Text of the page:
clock menu more-arrow no yes

Filed under:

NYC Street Vendors Renew Efforts to Lift Longstanding License Cap at Times Square Rally

New, 4 comments

Plus, decade-old wine bar LIC Market is permanently shutting down — and more intel

People wear protective face masks near a food truck in Bryant Park as the city continues Phase 4 of re-opening following restrictions imposed to slow the spread of coronavirus on August 13, 2020 in New York City.
A street vendor at Bryant Park
Photo by Noam Galai/Getty Images

Street vendors demand City Council to lift decades-old permit cap in the city

Street vendors from across the city rallied in Times Square yesterday in a bid to draw the City Council’s attention to a bill that would get rid of the city’s nearly 40-year-old stringent cap on street vendor permits, AMNY reports.

Current law, which has been previously disputed in the city, dictates a strict limit on the amount of street vendor permits in circulation. The cap has led to 20-year-long waiting lists for permits and an underground market where vendors can source permits circulating at shocking markups. The bill — which was originally introduced to City Council in 2018 by Councilmember Margaret Chin, who represents several lower Manhattan neighborhoods including Soho, Noho, and the LES — would lift the cap and gradually add more vendor permits to the system. It has garnered support from many local legislators, including Brooklyn Borough President Eric Adams and Manhattan Borough President Gale Brewer.

But many are also skeptical of the bill, including a number of the city’s business improvement districts, AMNY reports. Detractors were concerned about how social-distancing regulations and safety measures would be enforced as the amount of vendors expanded. In June, Mayor Bill de Blasio announced that the NYPD would no longer be in charge of street vendor enforcement — a move that was applauded by street vendors at the time — but some argue that it’s now unclear how enforcement is handled.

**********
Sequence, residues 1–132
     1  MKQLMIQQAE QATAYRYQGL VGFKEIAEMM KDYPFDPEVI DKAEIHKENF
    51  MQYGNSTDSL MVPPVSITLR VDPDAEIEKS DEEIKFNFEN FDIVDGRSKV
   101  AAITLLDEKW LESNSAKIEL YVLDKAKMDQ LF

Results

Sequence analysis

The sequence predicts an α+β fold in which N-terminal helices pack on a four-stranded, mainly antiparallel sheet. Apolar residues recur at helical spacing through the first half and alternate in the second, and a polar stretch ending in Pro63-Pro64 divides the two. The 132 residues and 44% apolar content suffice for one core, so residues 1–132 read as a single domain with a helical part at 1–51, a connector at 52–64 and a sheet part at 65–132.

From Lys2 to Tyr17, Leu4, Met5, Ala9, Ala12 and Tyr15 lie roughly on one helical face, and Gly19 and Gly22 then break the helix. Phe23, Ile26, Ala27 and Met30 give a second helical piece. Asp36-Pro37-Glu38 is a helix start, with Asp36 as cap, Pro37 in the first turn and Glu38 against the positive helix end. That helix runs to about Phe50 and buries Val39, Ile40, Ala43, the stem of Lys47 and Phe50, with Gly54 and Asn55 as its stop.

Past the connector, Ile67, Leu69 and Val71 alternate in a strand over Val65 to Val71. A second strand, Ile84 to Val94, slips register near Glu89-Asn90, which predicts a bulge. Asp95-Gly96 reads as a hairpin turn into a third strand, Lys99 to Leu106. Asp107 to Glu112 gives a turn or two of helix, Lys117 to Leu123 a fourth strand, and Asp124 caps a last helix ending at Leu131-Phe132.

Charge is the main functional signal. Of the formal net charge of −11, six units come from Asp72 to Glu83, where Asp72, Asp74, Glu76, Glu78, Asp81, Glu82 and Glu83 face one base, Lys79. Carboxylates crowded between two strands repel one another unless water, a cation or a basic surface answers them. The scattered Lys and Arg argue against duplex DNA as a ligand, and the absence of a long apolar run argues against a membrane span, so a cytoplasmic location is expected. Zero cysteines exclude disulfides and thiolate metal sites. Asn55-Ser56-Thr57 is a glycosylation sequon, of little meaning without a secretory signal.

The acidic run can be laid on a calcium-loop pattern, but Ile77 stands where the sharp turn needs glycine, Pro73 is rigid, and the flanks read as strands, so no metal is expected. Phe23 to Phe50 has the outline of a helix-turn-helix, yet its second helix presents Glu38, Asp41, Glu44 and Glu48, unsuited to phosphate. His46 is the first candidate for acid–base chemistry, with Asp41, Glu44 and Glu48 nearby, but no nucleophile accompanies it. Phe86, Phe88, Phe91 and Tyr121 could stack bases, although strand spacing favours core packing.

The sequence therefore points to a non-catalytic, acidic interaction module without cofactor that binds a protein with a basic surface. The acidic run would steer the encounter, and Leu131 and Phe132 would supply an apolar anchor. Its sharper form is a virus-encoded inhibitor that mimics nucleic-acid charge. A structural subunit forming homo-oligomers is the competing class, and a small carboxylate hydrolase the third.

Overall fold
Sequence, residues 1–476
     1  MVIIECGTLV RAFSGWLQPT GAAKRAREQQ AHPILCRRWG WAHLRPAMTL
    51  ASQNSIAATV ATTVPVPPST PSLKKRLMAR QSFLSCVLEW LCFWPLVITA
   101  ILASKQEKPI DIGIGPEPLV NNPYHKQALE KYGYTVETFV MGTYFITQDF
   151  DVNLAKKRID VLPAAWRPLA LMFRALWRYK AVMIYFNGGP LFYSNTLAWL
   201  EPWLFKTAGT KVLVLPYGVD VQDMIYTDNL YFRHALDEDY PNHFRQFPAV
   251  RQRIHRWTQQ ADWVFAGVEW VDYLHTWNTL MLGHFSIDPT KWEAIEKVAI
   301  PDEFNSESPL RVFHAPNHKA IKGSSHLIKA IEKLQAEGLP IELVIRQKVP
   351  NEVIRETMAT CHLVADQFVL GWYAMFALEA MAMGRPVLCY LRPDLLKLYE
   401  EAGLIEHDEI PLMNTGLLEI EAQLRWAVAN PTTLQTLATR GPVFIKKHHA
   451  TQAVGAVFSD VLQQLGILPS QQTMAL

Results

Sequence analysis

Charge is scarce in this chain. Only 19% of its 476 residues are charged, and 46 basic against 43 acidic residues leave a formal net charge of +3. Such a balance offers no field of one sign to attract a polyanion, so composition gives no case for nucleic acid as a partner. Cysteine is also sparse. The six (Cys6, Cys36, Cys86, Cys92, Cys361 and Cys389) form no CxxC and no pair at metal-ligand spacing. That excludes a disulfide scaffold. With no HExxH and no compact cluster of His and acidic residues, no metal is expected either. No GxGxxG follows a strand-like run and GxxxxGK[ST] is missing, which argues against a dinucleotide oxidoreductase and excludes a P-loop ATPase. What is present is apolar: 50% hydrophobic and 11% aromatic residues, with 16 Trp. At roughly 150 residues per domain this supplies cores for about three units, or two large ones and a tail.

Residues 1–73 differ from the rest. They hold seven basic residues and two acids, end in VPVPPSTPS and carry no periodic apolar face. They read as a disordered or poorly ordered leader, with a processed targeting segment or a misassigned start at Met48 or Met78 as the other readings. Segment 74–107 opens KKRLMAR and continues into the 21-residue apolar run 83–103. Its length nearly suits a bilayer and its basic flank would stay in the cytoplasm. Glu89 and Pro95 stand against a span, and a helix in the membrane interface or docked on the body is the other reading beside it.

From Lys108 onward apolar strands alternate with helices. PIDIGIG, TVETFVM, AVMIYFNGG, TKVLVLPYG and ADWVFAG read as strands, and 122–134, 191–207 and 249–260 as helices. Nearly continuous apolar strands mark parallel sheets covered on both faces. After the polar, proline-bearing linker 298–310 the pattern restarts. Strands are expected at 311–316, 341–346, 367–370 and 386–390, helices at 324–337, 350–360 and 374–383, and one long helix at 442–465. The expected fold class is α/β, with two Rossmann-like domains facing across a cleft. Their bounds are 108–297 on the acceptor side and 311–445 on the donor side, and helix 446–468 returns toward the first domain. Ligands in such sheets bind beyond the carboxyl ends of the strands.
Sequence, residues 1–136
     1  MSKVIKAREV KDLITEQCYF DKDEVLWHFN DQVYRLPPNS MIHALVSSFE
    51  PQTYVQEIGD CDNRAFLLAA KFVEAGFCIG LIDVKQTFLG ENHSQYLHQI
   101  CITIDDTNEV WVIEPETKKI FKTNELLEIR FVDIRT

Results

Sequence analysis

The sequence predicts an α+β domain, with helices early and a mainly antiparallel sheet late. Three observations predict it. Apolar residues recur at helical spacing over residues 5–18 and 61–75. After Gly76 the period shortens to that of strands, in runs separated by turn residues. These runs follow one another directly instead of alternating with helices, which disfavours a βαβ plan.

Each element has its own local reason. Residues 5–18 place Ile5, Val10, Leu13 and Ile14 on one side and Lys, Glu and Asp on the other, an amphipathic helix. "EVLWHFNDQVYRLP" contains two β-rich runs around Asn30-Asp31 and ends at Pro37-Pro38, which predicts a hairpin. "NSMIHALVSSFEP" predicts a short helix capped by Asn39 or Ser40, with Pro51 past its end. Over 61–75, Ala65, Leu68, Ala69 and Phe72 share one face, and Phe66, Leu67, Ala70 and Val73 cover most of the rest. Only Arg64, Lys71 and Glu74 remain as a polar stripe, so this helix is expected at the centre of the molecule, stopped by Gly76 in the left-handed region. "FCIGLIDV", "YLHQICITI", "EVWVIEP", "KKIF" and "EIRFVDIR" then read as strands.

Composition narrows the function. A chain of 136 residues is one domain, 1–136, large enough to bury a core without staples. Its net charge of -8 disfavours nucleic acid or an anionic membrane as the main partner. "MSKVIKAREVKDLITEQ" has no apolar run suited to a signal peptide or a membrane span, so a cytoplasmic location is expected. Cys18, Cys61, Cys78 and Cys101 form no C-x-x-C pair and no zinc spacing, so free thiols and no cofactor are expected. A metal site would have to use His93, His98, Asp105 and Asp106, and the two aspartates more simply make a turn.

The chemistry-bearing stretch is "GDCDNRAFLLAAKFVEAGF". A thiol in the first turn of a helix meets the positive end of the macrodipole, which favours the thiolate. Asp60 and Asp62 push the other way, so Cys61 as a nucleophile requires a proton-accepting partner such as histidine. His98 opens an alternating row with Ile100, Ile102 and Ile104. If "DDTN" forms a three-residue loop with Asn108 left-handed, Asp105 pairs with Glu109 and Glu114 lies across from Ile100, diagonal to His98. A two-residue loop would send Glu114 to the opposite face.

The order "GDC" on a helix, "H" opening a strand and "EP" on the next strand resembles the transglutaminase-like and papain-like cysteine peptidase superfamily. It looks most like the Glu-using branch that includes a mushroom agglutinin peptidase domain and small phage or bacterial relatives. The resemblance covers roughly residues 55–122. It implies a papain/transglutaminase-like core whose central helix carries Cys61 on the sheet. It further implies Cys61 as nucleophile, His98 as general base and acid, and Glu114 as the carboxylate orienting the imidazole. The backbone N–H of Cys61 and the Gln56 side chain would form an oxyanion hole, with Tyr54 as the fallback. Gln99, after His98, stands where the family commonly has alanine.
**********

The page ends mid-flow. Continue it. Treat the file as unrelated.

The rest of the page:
Supporters of the bill are hoping to push City Council to vote on the proposed legislation soon, as the pandemic has left many vendors struggling without governmental aid amid the crisis.

In other news

— Mayor Bill de Blasio turned away from a Chinatown bakery manager as the small business operator publicly pleaded for more city support during the mayor’s tour through the neighborhood yesterday afternoon.

— Longstanding Le Bernardin dining room manager Ben Chekroun announced on Instagram that he was leaving the Michelin-starred seafood destination after 27 years.

— Long Island City Mexican newcomer Top Quality nails its lineup of self-assembly taco trays, Gothamist’s Scott Lynch says.

— Popular Tribeca spot Racines has reopened today with a rotating menu of meals for pickup three nights per week.

— A slew of Andrew Carmellini’s Noho Hospitality spots are reopening for outdoor dining, according to a restaurant spokesperson. Casual pasta spot Bar Primi and French restaurant Lafayette opened this week for dinner service, and The Dutch will follow with outdoor dining starting next Wednesday.

— Decade-old natural wine bar LIC Market is permanently shutting down due to the pandemic. “We always managed to pull through, carry on, evolve as needed,” the restaurant’s ownership said in a statement on Instagram. “But this 2020 lunacy... this is something else.”

— Never ignore the udon:

Sign up for the newsletter Sign up for the Eater New York newsletter

The freshest news from the local food world